Dreams In The Great Gatsby By F.Scott Fitzgerald

2433 words - 10 pages

A dream is an intangible paradise. In the heavenly world of a dream, all hopes are within reach, and time knows no defined direction. To dream is to believe in the existence of the limitless realm. To dream is to be consumed by the passion and beauty of life, for although a dream may never become a reality, the true substance of a dream is its place in the heart. Jay Gatsby is a dreamer. He believes that the future can return him to his past and to his love, Daisy. Time blocks Gatsby’s dream, for Daisy has made Gatsby a mere memory by marrying Tom Buchanan. Tom and Daisy have minor conflicts with time that parallel Gatsby’s principal struggle with time, yet Gatsby’s dream emerges as the distinguishing factor of his conflict. When challenging the natural course of time, a dream, created by the intricate workings of the mind, and a simple memory of the past cannot be attained with the greatness of their origin. In The Great Gatsby, Gatsby’s destruction and the death of his undying dream are intensified through the magnification of the conflicts found in the characters of Tom and Daisy Buchanan.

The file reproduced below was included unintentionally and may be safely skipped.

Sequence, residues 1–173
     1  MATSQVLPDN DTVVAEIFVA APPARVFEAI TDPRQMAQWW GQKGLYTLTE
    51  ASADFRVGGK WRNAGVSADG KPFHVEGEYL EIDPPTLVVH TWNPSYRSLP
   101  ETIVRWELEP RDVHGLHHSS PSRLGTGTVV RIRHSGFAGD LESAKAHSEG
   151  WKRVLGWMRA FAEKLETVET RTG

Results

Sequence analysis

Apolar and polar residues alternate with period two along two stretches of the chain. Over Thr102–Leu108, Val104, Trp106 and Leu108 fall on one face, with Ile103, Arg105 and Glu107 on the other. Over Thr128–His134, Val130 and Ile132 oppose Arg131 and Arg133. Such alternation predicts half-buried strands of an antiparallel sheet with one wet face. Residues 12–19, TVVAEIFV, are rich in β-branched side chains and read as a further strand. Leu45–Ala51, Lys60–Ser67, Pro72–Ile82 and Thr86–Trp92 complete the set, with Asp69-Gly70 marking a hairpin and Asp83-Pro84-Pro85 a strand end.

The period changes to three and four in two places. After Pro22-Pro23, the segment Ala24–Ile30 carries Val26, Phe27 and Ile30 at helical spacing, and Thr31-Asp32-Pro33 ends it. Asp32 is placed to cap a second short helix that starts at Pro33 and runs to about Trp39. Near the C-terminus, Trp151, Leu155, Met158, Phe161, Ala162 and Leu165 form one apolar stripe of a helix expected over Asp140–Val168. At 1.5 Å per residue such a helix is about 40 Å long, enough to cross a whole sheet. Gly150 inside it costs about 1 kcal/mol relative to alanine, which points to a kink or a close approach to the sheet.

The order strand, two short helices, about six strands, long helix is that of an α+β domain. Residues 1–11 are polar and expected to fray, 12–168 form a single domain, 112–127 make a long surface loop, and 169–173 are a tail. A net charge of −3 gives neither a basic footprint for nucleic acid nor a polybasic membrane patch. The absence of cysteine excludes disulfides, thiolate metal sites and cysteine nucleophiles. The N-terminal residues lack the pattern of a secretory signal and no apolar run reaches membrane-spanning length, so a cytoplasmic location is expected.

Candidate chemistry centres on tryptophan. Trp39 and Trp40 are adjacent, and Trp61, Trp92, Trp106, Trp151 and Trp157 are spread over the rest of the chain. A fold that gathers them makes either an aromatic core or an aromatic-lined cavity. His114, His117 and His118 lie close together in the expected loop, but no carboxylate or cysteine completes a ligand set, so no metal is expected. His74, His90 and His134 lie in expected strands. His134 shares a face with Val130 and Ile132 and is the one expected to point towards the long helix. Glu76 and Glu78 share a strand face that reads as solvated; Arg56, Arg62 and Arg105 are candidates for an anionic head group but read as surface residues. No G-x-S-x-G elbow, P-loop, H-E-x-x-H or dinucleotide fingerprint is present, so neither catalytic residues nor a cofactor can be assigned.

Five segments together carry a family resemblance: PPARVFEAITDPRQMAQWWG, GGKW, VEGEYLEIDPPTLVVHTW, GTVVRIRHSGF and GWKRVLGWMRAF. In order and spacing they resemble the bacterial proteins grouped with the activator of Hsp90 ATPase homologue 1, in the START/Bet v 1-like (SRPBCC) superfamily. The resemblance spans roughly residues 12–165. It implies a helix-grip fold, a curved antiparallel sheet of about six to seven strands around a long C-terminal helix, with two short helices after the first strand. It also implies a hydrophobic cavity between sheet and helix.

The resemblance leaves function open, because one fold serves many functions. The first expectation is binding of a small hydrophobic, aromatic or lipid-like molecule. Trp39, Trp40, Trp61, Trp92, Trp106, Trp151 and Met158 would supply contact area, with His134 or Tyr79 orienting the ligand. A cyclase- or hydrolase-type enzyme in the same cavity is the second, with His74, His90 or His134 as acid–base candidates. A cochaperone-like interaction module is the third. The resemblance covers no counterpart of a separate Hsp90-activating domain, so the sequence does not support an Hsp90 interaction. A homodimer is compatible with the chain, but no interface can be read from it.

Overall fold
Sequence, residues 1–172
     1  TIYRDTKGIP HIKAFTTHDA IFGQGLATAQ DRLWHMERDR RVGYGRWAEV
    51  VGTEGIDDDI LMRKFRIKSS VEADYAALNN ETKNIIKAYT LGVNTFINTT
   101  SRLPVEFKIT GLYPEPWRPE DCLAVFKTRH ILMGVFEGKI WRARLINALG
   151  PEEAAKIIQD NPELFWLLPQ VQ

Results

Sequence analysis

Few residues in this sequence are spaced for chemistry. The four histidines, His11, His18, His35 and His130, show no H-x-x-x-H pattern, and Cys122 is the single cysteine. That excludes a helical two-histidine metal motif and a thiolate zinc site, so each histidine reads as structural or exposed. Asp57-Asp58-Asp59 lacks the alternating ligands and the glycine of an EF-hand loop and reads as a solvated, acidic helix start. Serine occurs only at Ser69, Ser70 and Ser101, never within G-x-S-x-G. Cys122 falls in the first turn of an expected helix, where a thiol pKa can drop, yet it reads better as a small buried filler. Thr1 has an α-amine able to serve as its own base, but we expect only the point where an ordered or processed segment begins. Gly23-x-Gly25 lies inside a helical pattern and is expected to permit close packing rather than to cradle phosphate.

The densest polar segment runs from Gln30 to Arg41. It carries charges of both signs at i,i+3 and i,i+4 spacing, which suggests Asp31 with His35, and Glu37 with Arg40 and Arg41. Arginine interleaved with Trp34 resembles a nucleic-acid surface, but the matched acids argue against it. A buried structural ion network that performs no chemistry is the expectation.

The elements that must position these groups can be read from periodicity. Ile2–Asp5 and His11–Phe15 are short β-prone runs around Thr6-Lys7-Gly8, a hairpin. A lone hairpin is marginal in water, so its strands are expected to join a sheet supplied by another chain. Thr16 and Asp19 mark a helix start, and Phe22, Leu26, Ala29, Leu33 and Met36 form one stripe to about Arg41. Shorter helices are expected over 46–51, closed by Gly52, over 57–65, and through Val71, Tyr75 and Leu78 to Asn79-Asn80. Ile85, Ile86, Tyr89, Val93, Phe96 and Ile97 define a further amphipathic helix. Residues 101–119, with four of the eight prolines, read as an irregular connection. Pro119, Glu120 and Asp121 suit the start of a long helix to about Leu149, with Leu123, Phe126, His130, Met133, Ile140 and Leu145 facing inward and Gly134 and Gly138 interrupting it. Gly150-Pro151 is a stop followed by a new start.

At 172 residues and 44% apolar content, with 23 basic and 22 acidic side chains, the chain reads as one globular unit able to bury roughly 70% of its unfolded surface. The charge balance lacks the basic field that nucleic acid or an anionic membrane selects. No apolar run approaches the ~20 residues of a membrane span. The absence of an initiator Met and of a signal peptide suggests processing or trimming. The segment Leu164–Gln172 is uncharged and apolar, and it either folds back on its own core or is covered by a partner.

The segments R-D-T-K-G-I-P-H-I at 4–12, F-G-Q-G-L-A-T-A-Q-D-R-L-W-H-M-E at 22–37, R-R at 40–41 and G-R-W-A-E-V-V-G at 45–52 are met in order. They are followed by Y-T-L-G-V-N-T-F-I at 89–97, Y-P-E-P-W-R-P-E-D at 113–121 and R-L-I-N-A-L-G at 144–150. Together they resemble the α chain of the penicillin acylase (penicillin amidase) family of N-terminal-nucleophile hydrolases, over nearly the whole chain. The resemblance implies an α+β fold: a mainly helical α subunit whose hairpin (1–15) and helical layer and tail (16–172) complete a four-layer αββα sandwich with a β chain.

By dreaming, Jay Gatsby develops a false world that can never completely capture the grandeur of its original place in time. An attraction exists between Gatsby and the past, for Gatsby’s past holds the source of the dream that molds the individual he becomes. Thus, the beginning of Jay Gatsby is marked by the beginning of his dream when he falls in love with Daisy Fay. "He knew that when he kissed this girl, and forever wed his unutterable visions to her perishable breath, his mind would never romp again like the mind of God" (Fitzgerald 112). From this moment, Gatsby is forever held captive by his dream of Daisy and their love. Imprisoned by his heart, Gatsby is never free from Daisy, for he incessantly works toward renewing their relationship after Daisy marries Tom Buchanan. Such dreams as Gatsby’s seem without hope, but explaining how a dream always contains some form of possibility, critic Kenneth Eble writes, "[. . .] the vision is not in itself false; and the truth does gleam there at the center [. . .]" (36: 94). As its "truth" (Eble 36: 94), Gatsby’s mind takes Daisy from reality and places her into a great dream that can never exist because Daisy will never remain exactly as he dreams her. Gatsby’s hope that in the future he can repeat the past places him in conflict with time, for he is trying to return to the past, where fragments of what became his dream survive. Somewhere in time, these fragments of Gatsby’s dream wait patiently, silently, knowing that they can never be found.

Even though achieving the former magnificence of the foundations of his dream is impossible, Gatsby strives to relive his past with Daisy. From the instant he falls in love with Daisy, all of Gatsby’s actions are directed toward overcoming the barriers that separate them. As a poor boy in love with the wealthy Daisy, Gatsby overcomes the obstacle of money by...

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